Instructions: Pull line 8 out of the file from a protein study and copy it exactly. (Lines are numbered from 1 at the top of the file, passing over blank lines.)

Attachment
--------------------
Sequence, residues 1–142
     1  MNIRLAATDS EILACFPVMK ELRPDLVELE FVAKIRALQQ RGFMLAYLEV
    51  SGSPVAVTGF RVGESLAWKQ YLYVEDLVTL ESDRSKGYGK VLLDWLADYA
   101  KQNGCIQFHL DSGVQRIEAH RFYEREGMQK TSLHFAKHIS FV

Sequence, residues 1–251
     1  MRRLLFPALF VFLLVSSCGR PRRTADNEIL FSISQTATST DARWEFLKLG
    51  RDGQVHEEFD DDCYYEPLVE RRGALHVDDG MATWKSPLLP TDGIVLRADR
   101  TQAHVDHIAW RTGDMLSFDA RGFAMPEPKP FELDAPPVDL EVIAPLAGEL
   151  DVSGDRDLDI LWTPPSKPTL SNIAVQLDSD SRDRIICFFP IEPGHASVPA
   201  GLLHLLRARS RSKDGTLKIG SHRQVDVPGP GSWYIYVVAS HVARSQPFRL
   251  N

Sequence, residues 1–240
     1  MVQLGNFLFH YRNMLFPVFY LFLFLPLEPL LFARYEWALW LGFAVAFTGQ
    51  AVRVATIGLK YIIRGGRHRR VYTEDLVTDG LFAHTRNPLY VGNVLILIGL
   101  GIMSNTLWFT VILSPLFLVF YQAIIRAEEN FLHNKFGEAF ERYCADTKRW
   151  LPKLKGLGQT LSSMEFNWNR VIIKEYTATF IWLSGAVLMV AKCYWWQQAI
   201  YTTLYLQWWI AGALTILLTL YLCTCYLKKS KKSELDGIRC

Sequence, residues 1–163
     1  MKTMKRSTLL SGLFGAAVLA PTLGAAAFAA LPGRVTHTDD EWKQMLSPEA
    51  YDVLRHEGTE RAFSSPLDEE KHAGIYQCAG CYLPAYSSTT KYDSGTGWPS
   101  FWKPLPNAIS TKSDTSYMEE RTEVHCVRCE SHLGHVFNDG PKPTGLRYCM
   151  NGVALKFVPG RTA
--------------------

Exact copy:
   101  TQAHVDHIAW RTGDMLSFDA RGFAMPEPKP FELDAPPVDL EVIAPLAGEL